Would the Real Woodrow Wilson Please Stand Up: Wilsonianism Then and Now
Woodrow Wilson was the only professional political scientist to become the president of the United States and, perhaps, it is in this way, as a “political scientist”, that he and his presidency has had such a tremendous impact on American politics. Wilson, it may be argued, cemented progressivism in American government, not only from a theoretical point of view, but also pragmatically - as evinced in his book, The New Freedom, which is, essentially, just a collection of 1912 campaign speeches. Wilson set out to change the political science of America, that is, our system of government on both the ground and on parchment. Some scholars claim he failed on both accounts, one even claiming Wilson’s 1912 victory as the decisive end of the progressive movement.1 On the other hand, this author and others2 believe that Wilson profoundly changed American politics in practice, if not on paper. The 1912 presidential election, a high point in the progressive movement, fundamentally changed American politics and government by ushering in Hegelian views of history and the state, ultimately, leading to expansive government and the modern administrative state. Hegel was, certainly, a huge influence upon Wilson3 and Wilson would be the man to bring Hegelianism into US politics and American Political Science. Although, as one will see, by no means in any direct, uncomplicated way. The result of Wilsonianism is a mixed bag in many ways.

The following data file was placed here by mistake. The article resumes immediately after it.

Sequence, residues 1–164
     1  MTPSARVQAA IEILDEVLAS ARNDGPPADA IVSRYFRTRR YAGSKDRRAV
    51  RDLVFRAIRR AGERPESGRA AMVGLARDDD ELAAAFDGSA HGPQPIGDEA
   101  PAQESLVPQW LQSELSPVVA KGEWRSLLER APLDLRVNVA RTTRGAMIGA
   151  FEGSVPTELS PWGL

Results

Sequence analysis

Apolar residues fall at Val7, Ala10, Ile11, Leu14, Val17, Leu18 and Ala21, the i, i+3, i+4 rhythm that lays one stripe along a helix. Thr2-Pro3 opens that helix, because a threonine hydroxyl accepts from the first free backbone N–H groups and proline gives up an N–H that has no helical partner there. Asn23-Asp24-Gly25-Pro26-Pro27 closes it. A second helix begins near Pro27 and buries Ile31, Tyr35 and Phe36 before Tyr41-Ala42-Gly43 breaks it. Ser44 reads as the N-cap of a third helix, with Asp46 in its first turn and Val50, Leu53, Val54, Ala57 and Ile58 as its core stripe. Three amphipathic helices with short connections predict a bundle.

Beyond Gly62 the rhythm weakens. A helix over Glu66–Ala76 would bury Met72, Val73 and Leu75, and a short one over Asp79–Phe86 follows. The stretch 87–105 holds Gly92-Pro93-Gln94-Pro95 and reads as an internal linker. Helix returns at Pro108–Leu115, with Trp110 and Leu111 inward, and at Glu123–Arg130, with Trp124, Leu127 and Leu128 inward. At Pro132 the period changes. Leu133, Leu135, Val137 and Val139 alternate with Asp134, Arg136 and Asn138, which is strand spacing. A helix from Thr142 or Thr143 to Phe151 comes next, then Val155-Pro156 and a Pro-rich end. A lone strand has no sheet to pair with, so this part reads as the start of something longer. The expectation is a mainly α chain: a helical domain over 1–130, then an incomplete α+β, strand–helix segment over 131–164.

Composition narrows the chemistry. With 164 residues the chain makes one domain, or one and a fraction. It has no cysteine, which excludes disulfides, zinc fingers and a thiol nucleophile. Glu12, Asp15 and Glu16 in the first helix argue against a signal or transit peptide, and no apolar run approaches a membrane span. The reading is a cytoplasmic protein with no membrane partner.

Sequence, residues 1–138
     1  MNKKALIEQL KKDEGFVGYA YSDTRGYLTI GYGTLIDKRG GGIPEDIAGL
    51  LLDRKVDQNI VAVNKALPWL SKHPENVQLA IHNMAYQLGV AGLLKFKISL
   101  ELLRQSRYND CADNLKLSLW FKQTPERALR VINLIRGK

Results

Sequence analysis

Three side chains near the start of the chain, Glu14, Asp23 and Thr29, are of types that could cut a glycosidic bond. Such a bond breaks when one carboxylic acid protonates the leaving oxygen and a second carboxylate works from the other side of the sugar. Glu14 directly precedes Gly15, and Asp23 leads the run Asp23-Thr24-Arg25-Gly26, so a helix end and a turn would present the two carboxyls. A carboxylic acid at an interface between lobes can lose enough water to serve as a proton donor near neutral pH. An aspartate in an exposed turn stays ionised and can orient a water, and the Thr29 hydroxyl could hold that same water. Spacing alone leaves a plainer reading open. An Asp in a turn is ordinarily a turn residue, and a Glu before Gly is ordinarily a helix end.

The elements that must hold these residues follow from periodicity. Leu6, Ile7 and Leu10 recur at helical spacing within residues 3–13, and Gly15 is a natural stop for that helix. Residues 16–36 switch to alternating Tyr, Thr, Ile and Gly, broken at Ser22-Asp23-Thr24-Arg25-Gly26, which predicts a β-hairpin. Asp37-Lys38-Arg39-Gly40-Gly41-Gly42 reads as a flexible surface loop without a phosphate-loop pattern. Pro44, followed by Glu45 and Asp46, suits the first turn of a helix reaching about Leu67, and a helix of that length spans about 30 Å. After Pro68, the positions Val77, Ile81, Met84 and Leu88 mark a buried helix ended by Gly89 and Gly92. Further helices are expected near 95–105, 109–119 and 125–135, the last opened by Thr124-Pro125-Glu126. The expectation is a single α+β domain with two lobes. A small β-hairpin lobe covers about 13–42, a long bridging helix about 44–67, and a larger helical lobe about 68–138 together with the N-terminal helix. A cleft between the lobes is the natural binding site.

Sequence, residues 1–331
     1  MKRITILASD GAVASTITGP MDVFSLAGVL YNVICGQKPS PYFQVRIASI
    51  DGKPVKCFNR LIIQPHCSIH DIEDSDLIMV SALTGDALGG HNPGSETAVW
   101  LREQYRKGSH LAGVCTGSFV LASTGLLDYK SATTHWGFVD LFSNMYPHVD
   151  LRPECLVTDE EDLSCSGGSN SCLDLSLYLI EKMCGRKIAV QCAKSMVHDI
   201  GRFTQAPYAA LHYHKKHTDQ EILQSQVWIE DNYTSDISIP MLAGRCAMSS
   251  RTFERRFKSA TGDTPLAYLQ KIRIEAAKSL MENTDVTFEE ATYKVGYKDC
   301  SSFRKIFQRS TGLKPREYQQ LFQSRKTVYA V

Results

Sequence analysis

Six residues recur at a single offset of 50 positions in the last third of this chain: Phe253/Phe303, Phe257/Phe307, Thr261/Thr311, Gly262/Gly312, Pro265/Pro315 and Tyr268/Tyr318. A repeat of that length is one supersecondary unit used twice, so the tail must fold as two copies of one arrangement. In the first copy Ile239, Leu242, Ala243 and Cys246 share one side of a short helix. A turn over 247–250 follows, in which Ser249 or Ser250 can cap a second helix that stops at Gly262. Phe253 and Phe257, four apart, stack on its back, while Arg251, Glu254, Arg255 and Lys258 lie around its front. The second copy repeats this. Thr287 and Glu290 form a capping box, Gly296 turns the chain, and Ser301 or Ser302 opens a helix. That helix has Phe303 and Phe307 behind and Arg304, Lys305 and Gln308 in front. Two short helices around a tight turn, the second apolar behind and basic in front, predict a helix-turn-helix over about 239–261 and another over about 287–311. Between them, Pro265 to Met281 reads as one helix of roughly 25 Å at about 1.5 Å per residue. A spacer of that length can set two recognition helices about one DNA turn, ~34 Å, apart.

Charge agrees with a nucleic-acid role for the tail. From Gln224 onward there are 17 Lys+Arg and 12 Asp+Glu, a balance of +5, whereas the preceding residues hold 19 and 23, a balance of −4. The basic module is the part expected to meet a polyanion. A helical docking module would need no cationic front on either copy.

As this paper will suggest, many of Wilson’s claims for a better America would, likely, result in a better America, but have they in fact? Wilson, unquestionably, had his finger on the pulse of American political problems in the early twentieth century - many of which still trouble us today. But, despite this reality, progressive liberalism is not very compatible with constitutionally limited government and, as a result, Wilson and every progressive politician since would be frustrated, if not outright haunted, by the Founders and the narrow confines of their republican design. This is not to say that progressivism has not taken hold in the United States, it has - but it has done so in a way that is incompatible with the formal design of our republican structure, leading to an ever-widening divide between how the nation is run on paper and how it is run in fact. This paper, fundamentally, seeks to illuminate the real Woodrow Wilson, the man and his thought, from the various 21st century characterizations spanning from the right’s “boogey man” - listed alongside figures such as Pontius Pilate, Hitler, and Pol Pot - to the left’s “savior of humanity”.4 In doing so, this author will seek to understand the thought that influenced Wilson, and assess his legacy in light of 21st century American politics and government. Did Wilson set America on a course that has benefited us and our society, indeed the world, over the past century, or did he open the floodgate to political incoherence, frustration, disenfranchisement and, ultimately, ineffectual government?